Grace Chua The Straits Times AsiaOne 9 Apr 14;

Several uniquely Singaporean crabs are going to get help in making babies.

The River Safari is planning a breeding programme to make sure that some of the world's most endangered freshwater species which are found only in Singapore do not get consigned to history.

The programme is one of the outcomes of last month's two-day roundtable on saving the pebble-size Johora singaporensis crab, which is found only in hill streams at Bukit Timah and Bukit Batok, and nowhere else in the world.

Other rare cousins include the swamp forest crab, found only in Nee Soon swamp forest, and the Johnson's freshwater crab, which lives only in the Central Catchment Nature Reserve.

"They belong to this country, this island, and if they die, this island is also responsible," said crab expert, Professor Peter Ng, who gave J. singaporensis its name.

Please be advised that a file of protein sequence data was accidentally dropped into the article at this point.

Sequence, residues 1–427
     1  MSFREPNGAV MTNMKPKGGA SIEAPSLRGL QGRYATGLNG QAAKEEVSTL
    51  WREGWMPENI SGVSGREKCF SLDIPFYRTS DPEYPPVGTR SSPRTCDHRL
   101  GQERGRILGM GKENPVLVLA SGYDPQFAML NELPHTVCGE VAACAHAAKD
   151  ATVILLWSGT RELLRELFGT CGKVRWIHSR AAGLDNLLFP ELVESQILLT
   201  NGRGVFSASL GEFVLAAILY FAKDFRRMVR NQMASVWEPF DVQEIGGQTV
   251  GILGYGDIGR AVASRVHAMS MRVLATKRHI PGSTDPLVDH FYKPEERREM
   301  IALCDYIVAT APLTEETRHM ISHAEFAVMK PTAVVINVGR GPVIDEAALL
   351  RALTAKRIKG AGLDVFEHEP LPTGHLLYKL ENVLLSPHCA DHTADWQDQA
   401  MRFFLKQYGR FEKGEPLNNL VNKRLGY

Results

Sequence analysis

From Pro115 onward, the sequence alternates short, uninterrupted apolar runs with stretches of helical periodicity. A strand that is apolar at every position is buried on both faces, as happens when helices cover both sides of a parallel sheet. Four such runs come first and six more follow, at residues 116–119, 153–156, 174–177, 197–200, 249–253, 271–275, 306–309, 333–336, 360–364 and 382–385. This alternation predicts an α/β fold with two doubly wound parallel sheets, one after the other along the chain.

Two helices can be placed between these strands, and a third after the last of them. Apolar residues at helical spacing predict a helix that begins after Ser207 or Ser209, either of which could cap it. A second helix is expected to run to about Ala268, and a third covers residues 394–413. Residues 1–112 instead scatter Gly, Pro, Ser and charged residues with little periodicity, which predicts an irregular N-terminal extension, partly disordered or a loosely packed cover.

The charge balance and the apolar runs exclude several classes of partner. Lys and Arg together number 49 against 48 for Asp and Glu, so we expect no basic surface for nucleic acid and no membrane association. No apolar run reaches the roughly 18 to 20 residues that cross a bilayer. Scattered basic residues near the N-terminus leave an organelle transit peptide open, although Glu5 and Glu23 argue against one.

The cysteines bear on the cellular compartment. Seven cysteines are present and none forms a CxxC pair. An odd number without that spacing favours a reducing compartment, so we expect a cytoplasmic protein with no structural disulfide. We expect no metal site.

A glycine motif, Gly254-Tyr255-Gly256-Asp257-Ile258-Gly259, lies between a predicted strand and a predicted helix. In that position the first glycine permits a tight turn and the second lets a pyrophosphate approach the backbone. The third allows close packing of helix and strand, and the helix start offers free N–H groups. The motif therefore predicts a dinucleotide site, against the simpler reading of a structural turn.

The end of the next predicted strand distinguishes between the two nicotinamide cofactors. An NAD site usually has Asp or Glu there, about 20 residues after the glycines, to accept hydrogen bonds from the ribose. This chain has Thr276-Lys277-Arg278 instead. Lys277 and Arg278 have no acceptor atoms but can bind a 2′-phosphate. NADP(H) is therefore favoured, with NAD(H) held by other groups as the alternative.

The trial breeding programme was announced at a public seminar on March 29 by Mr Lee Meng Tat, chief executive of Wildlife Reserves Singapore (WRS), which runs the River Safari.

He added that WRS would also spread public awareness of these threatened species.

Only a smidgen larger than a 50-cent coin, the J. singaporensis crab was first discovered in 1986 at a freshwater hill stream in Bukit Timah. But in 2007, researchers found it had vanished from the original site, possibly due to the stream water there becoming more acidic.

It is still found at other spots at Bukit Timah. Still, it is not known how many are out there as the shy nocturnal crustacean hides under rocks and is hard to find.

Currently, a two-year study by National Parks Board (NParks) and the National University of Singapore (NUS) is assessing its numbers, habitat conditions, how it breeds and how it interacts with other forest creatures.